Troop 707 members recite the Scout Oath

Boy Scout Troop 707 members Eric Kvam (from left), Wyatt "Tauntaun" Paulson, 15, Oliver Matteson, 14, and Charlie Knocke, 13, recite the Scout Oath at the beginning of their meeting Feb. 16 at Calvary Episcopal Church. The troop celebrates its 50th anniversary this year.

Chip Sandstedt is the assistant scoutmaster of Boy Scout Troop 707.

This year marks the 50th anniversary of Boy Scout Troop 707 who makes its home at Calvary Episcopal Church in downtown Columbia.

That’s 50 years of summer camp and high adventure trips; of camping each month, in rain, snow, freezing temperatures, and even good weather; of young men leading their patrols and their troop; and 50 years of scout service to our community, which is the subject of this letter.

Service that these and other scouts perform is a fundamental aspect of scouting. After all, the Scout Oath says that a scout will "help other people at all times" and you’ll find service in many of our annual activities. This takes many forms throughout the year, ranging from flag ceremonies and traffic control to recurring service like Adopt-a-Spot cleanups to larger scale construction activities such as Eagle Service Projects.

To use our troop as an illustration, we perform regular Adopt-a-Spot roadway clean-ups, volunteer at the food bank, and an assortment of other needs in the community. Service was even incorporated into the troop’s most recent high adventure trip to Redwood National Park where the guys removed invasive grasses from the local beach and performed trail maintenance during their backpacking trek in the Redwood Forest. In all they contributed over 200 hours of labor during the trip.

Another aspect of service is the Eagle Service Project that a scout leads as he works to achieve the rank of Eagle Scout. An Eagle Service Project is a project that the Eagle candidate plans, organizes and leads to benefit a religious institution, a school, or the community. These are most often some variety of construction project. Eagle Service Projects are all around us in our community, and you’ve likely seen or benefitted from one.

Some recent examples at local schools include new backpack racks at Ridgeway Elementary, raised flower beds and picnic tables (both at Grant Elementary) and a large perimeter fence for the garden at the Career Center.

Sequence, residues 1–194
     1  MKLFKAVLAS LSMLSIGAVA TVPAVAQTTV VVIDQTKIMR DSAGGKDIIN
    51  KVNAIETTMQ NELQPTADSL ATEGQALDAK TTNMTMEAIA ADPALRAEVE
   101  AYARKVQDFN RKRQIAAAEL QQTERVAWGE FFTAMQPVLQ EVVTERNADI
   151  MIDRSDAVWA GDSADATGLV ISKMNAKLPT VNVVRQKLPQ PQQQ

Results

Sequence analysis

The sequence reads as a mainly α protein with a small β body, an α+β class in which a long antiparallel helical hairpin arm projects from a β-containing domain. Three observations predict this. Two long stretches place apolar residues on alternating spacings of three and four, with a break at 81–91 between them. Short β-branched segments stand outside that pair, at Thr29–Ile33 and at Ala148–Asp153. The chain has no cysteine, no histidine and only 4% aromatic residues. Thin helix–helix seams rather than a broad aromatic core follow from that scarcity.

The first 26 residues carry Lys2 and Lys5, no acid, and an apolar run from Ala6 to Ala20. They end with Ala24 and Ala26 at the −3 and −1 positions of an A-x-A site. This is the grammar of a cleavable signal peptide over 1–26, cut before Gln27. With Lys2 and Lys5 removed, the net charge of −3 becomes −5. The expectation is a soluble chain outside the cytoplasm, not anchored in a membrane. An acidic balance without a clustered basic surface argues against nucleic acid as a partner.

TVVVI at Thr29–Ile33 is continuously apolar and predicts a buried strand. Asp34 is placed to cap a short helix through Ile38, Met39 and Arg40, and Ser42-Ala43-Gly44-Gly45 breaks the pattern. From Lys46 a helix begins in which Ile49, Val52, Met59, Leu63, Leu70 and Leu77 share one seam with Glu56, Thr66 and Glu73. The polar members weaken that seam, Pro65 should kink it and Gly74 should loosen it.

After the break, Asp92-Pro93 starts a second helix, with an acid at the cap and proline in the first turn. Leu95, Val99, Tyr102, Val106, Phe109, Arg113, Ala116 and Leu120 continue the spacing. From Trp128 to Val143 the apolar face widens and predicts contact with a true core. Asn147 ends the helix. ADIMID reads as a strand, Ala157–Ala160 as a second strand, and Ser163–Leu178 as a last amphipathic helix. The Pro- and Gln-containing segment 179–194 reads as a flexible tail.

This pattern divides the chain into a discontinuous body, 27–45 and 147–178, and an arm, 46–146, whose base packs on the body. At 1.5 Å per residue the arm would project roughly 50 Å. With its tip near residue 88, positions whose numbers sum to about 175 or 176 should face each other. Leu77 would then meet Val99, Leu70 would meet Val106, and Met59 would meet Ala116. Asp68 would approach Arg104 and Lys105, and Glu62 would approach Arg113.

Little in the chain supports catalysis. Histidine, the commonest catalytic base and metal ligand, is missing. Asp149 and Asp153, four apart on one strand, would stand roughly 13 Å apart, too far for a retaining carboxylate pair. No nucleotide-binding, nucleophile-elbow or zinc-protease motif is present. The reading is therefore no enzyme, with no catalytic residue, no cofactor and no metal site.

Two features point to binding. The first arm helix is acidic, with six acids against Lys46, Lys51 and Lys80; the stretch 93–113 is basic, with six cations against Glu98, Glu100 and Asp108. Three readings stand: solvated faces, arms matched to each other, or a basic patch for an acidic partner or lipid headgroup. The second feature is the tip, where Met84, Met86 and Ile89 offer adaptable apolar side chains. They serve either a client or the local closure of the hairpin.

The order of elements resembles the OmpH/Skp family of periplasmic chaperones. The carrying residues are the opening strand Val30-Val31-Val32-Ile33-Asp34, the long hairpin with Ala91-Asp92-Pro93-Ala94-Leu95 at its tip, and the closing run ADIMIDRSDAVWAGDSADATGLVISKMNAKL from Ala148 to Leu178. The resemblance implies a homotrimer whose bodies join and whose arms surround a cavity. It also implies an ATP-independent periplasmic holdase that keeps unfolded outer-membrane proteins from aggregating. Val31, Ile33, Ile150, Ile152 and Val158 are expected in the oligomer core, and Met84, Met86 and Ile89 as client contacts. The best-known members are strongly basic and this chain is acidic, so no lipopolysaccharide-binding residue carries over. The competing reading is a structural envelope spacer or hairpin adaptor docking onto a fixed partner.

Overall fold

If you’ve recently been to the Pinnacles Youth Park I’m sure you noticed the new outdoor amphitheater, or perhaps the new fire pit — both Eagle Service Projects.  

If you visit Rock Bridge State Park you may appreciate the new orienteering markers throughout the park.

If you frequent the farmer’s market at the health center on Worley, you may have noticed the new rain garden that helps absorb run-off and decreases the volume in our storm water systems.

Projects are planned or completed at three area churches including a beautiful new outdoor alter at Calvary Episcopal Church.

If birding is your passion, you may know that scouts recently completed a new trail at the Audubon Society or that a new bridge is also in the works.

Even historic sites like the Rocheport Cemetery have benefitted from recent scout projects.

In one of the more unique projects that has recently been completed, a scout retrofitted common children’s board games with braille so that blind children can enjoy the same games that others do. In each case these young men gained experience through working or through leading.

But why is all this service such an important part of Boy Scouts? Why even do service? When I think of scouting my first thoughts are of camping, adventure, outdoor fun, and of course youth leadership.

So why service? Service is woven throughout the fabric of Scouting because service to one’s community is character building, and that’s central to the vision of Scouting.

Service helps young men become responsible, participating citizens, and it builds a stronger community in the process. Each time these young men lead or serve, they gain experience, but they also learned a bit more what it means to be an active contributor to one’s community.

So while we’re often having fun camping and exploring the great outdoors of Missouri and beyond, there’s far more to it than that.

Our young men are hard at work helping improve our community. Of course the examples above are just a handful from one local troop.

Columbia is blessed with many fine troops, all helping the community in similar ways.

The next time you see us out and about in the community I hope you’ll stop and say 'Hi' or even join us. I promise you’ll meet some fine young men and you’re guaranteed to have fun in the process. As one great Scoutmaster used to say, "If you’re not having fun, you’re doing it wrong." I hope your days are always fun, and that your life in Columbia is brighter for the good works that these young men are doing.

This story is part of a section of the Missourian called From Readers, which is dedicated to your voices and your stories. We hope you'll consider sharing. Here's how. Supervising editor is Makenzie Koch.

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